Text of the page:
Ryan, I’m pretty confident that you know your statement not to be true. In fact, I know that on another particular forum you post on, that the abuse/addiction is quite rampant, you contributed to that exact thread the subject was being discussed.
Face it, being different is bad in this society, especially when that “different” is not a “special snowflake” kind of different, but an attempt at merely improving oneself/being healthy. Society is addicted to handouts and quick and easy, so when people take the long, hard road, they get crap for it. One because you make the lazy look bad and two because you’re different from the societal norm.
That being said, bodybuilding isn’t healthy. Period. Let’s for a moment ignore the professional IFBB folks who use illegal substances… because they’re illegal. Consider that the bulk have openly admitted to addiction, either to the drugs themselves or the image they are trying to achieve, quitting isn’t an option. Then let’s consider that many bodybuilders get big because they have the opposite of anorexia, they can never be big enough. Its a type of OCD (and its called like body dismorphia or something), again, not healthy - any type of OCD is unhealthy.
Next, let’s consider the process of dieting down to extremely low bodyfat. Whether you use diuretics, drugs, or simply slowly starve your body - yes that is what you’re doing, there is a reason your body can not sustain that level - its not healthy for it. Hence why people pass out, have complications, etc.
Consider that there are many natural federations even today, who utilize illegal substances, they just don’t get caught. There was a recent popular fitness model who was “natural” that got caught during a test and had his win handed to second place. So again, barring illegal substances, you’re surrounded by a community of chronic liars at the most or steeped in severe denial at the least. Natural bodybuilders at 230 lbs, yet every scientific and anecdotal model points to that weight as impossible in competition condition (save for a guy at 6’8"). We aren’t producing super-humans these days, sorry.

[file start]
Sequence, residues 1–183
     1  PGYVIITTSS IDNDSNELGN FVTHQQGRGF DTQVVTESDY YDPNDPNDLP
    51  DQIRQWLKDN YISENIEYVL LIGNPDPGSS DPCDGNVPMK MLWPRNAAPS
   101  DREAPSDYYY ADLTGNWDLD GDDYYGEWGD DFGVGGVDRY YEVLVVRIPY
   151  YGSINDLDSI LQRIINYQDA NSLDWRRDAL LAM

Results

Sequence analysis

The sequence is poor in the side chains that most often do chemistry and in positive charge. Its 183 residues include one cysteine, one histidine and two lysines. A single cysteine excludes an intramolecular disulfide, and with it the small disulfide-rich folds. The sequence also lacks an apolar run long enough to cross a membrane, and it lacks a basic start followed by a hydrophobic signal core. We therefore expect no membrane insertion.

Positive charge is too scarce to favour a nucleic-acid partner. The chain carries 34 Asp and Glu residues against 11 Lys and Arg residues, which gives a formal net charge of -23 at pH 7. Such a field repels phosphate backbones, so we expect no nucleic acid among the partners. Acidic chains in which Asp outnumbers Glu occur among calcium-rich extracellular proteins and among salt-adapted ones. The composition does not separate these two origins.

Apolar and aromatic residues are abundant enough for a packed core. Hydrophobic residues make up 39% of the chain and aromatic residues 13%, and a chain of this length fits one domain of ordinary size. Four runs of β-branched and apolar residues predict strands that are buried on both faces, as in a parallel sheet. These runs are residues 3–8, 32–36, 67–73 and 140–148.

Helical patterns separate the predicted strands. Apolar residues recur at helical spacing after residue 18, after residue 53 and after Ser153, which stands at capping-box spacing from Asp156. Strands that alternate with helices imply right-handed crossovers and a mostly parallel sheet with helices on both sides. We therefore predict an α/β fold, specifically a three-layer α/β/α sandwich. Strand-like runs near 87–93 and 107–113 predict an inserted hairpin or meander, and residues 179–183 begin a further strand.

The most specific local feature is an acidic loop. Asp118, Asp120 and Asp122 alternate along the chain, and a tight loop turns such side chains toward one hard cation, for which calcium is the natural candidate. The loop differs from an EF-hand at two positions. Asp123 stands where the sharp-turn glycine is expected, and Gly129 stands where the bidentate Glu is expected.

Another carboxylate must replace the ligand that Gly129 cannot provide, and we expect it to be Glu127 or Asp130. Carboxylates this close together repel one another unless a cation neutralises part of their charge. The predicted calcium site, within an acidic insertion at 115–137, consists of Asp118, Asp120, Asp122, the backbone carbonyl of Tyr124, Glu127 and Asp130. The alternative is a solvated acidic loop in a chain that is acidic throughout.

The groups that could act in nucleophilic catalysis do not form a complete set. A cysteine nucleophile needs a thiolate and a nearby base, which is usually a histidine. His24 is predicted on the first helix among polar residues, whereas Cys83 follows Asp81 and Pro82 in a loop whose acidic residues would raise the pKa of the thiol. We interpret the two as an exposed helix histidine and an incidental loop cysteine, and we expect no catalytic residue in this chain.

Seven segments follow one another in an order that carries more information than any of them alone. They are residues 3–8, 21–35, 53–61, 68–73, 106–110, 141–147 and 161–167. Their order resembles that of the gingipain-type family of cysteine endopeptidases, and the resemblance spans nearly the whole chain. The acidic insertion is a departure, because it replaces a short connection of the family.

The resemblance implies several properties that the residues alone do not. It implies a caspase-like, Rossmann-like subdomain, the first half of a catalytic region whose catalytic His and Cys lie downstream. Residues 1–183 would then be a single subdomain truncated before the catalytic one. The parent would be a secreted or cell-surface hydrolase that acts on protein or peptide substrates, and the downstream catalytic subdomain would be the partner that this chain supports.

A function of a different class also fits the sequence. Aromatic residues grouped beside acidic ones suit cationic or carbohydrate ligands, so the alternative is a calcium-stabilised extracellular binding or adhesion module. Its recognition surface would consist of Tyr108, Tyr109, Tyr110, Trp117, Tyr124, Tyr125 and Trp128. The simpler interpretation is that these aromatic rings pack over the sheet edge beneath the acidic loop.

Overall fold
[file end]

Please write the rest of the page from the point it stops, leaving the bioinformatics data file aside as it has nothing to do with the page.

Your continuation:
Now lets look at the diet. Yes, bodybuilders are healthy, we eat veggies, protein, lower carbs (or at least healthy ones), watch our fat intake and only eat “the good stuff.” All sounds dandy. Except, now we weigh the food, watch our macros, and obsess over cheating. Again, OCD, not good.
Let’s talk about the gym. You have your try-hards, your gym rats, your bro’s, your hardcores, and then you have the guys/gals who actually compete (again we won’t touch on which use and don’t use because its a mix across the board). You’ll see anything from 2 days a week all the way up to 6-7 days a week, sometimes twice a day. Its great to exercise but at what point does it no longer because a “part” of your life and instead takes it over?
This is what people see. To the dedicated, those who want to improve, this is normal, acceptable, even commendable. To the lay-person, its unhealthy. Obsession is unhealthy, whether it be truly detrimental to your health or not. This is how society views things. The fact that you’ve chosen a “better” path does not matter to them. You are out of the norm, you’re pushing your bounds, and you’re not conforming to what they expect. This is strange and thus to them, its unhealthy.
So the choice you need to make is, where do you see yourself in life and what are your goals? Are you willing to sacrifice normalcy, being perceived as a “typical” guy, or do you have to “fit in?” Are you strong enough as a person to sit there and eat lean steak and rice out of a tupperware container and drink water or a diet beverage while your buddies and/or family enjoy beer and Sweet Iced Tea? Are you willing to spend an hour to an hour and a half lifting 4-5 days a week after work, then go home and be a responsible father/husband/son? Is this how you want to spend your life? That isn’t even the most hardcore person that’s your typical dedicated bodybuilder/gym enthusiast. Can you sustain that life, and is it worth it for what you give up?
It doesn’t matter what society deems as healthy or unhealthy. For the sake of sanity, society fell off the horse a long time ago. The decision lies with you and where you place your goals for whats acceptable and worthwhile.
This is a very well thought out post with many good points. It is very refreshing to discuss something other than set/reps/carbs when it comes to bodybuilding.